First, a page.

It also worked at 5V. So I re-checked the default frequency (with a GPS):

3.3V: 7.990 - 8.000 MHz
5.0V: 8.273 - 8.282 MHz

It's interesting that it worked for me at 5V/8.3MHz at 115200 baud but that in your tests it stopped working around 8.1MHz. I wonder why.

The 8.1mhz speed was not precisely measured, it may well have been faster still.

Actually I only checked the transmit side at 3.3V because I didn’t want to add a level shifter.

When I tried again with 5V, varying the clock by tuning OSCCAL0, I got this pattern with hardware serial:

7.6 - 7.9 MHz – fail
8.0 - 8.2 MHz – TX worked, RX didn’t
8.3 - 8.5 MHz – it worked

I’m not sure what that means. But something is wrong with my test so kindly disregard it.

Many thanks for the advice DrAzzy and jboyton. Looks like I'll add a 16mHz crystal into my next 841 board design. I want it to communicate serially with another board I'm messing around with that'll be based on the Robertsonic Wave Trigger design. I could use SoftSerial I suppose, but as one of the advantages of this chip is the two UARTs, I decided why not use them :slight_smile:

By the way, DrAzzy, there doesn't seem to be a link to the site I need to get tattood :slight_smile:

Bernie

Oops :stuck_out_tongue:

http://wormfood.net/avrbaudcalc.php?u2xmode=1

(that one has u2x shown - by default it isn't shown, but Arduino uses it by default)

I made a little more sense of it. One thing I had forgotten to consider is the inherent imprecision of the baud rate generator. The other is that my serial/usb chip is probably also imprecise.

The closest register setting in the '841 @8MHz for 115200 baud results in an actual rate of 111111 baud (assuming 8.000MHz). That's about 3.5% slow. So at 115.2 kbaud it actually makes sense to tune the clock frequency up by increasing OSCCAL0 a little bit.

The setting for 57600 results in a baud rate of 58824, about 2.1% fast. So at 57.6 you're better off tuning OSCCAL0 down a little.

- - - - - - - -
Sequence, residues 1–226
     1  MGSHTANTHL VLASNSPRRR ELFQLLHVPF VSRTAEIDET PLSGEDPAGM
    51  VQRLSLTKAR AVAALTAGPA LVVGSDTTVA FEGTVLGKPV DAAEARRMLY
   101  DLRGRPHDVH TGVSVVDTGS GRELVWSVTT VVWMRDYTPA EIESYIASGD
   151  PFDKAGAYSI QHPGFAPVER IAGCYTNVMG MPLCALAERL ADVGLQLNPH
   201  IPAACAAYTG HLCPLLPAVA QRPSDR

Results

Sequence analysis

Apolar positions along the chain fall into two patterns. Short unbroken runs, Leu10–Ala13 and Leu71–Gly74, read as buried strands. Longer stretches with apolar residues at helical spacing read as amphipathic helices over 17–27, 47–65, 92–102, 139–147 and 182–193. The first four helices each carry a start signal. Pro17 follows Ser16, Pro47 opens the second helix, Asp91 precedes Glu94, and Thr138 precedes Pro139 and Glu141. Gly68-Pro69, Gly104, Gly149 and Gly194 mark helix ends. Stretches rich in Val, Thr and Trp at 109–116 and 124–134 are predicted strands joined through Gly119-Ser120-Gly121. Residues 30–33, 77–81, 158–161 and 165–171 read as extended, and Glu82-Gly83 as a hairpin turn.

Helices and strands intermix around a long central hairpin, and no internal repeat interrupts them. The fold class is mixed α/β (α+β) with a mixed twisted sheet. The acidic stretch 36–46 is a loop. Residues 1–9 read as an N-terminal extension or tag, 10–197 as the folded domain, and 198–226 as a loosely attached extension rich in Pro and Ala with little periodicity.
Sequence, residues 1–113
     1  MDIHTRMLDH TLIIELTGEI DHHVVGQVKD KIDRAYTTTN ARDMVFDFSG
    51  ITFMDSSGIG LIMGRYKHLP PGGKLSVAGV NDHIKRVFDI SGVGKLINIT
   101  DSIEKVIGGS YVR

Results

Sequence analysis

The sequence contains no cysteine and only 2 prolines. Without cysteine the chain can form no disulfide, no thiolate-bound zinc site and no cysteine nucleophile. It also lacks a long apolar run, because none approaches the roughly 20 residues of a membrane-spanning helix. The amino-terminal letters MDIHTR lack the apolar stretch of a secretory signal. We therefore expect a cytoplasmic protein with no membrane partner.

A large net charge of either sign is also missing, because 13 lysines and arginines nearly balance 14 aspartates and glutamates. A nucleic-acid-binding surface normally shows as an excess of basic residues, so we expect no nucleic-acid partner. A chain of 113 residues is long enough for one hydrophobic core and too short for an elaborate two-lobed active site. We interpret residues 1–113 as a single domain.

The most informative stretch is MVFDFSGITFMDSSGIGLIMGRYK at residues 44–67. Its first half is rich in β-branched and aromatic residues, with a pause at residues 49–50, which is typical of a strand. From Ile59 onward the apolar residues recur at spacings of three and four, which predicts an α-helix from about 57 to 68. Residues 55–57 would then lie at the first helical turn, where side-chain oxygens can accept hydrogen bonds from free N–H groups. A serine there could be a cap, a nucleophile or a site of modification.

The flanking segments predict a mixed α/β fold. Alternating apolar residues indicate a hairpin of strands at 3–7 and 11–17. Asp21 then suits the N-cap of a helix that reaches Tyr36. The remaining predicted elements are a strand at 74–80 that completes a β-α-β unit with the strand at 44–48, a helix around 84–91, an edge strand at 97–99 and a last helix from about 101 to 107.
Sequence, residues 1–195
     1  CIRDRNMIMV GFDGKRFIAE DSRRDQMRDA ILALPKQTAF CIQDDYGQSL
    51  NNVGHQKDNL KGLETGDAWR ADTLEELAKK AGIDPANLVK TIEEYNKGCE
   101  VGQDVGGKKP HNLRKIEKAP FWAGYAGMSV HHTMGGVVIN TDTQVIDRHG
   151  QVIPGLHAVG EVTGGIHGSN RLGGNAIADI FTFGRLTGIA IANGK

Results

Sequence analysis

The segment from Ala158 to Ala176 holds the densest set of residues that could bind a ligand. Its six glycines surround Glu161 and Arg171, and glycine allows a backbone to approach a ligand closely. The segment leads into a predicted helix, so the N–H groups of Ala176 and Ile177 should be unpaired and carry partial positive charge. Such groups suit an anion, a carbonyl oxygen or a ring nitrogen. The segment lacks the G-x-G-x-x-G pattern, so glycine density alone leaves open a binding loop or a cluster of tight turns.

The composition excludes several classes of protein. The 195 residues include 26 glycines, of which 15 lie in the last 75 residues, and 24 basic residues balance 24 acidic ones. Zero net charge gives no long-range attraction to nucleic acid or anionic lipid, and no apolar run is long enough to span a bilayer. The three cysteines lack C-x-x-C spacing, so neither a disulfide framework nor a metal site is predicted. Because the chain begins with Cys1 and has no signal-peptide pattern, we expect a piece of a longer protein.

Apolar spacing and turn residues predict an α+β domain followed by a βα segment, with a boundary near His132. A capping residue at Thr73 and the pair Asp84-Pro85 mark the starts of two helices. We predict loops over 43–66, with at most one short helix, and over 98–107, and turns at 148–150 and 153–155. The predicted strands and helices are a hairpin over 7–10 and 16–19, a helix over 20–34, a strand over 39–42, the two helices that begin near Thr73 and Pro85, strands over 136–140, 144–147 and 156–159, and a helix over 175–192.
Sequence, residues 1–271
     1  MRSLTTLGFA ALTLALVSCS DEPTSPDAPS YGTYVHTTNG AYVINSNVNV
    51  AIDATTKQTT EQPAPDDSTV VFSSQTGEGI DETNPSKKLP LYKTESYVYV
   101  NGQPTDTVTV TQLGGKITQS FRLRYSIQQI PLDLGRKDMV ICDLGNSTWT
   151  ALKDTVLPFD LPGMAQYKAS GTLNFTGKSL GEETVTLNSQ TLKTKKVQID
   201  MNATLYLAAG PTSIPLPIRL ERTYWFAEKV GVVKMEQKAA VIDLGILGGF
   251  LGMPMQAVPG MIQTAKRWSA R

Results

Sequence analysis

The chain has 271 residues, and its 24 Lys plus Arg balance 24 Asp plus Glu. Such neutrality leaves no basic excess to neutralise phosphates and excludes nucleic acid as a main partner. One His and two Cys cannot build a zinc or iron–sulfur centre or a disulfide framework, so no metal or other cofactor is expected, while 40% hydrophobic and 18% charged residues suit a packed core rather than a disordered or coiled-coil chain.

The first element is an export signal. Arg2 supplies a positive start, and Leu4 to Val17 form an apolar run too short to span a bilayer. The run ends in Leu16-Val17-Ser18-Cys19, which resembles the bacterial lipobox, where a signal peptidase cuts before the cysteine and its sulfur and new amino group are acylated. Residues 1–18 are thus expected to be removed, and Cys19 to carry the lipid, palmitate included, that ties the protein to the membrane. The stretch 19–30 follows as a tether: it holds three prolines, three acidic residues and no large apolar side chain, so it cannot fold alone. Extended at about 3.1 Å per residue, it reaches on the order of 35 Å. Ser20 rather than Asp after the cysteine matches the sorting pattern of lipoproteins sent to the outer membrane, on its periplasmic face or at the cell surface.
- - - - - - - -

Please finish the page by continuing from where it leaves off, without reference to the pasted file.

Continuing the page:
The datasheet recommends a maximum error of only 1%. That would mean you'd want to be within 0.1MHz of the center value. So for 57600 baud that means you'd ideally want the clock frequency to be 7.75-7.91MHz. That's probably something like OSCCAL0 -= 4. At 3.3V.

1% is very conservative - you can normally get away with 3-4% but the lower the baud rate error the better.

OSCCAL0 is not linear, see the graph of it in the datasheet - it's got a huge discontinuity in the middle (or is that another tiny I'm thinking of?)

properly calibrated internal osc is more accurate and reliable than 16mhz xtl for 115kbaud. autobaud in the serial routines instead of rc calibration make it even more practical. however that discontinuity does cause some issues for both. nothing that a couple more lines of code cant fix though.

DrAzzy:
1% is very conservative - you can normally get away with 3-4% but the lower the baud rate error the better.

I didn’t study the datasheet carefully but I believe it has to do with the way the AVR chip samples the incoming data. Could that be why I was able to transmit over a wider range of frequencies than I was able to receive?

DrAzzy:
OSCCAL0 is not linear, see the graph of it in the datasheet - it’s got a huge discontinuity in the middle (or is that another tiny I’m thinking of?)

Most of the AVR chips have that discontinuity but the '841 doesn’t. And there are two other registers that affect the built-in temperature compensation for the oscillator. I think Atmel exposed the raw elements for us to use and didn’t make it user friendly. Actually tuning one of these is an iterative process because OSCTCAL0A and B affect not only the temperature compensation but also the oscillator frequency.

Try to wrap your mind around this:

If you’re patient it’s possible to calibrate the '841 internal oscillator to within 0.1% over a 50°C range. You can’t do that with most of the AVRs. Even out of the box the '841 has really a pretty good temperature curve. It’s a shame this isn’t standard for all of the AVRs.

john1993:
properly calibrated internal osc is more accurate and reliable than 16mhz xtl for 115kbaud.

I realized that as well, that a 16MHz crystal wouldn't be a panacea. It would guarantee a 0.8% error at 57.6kbaud which is easily beaten by calibrating the internal oscillator. And if you don't want to bother with calibration it's likely you'll be nearly as well off with the '841 (at 3.3V) by using the factory default.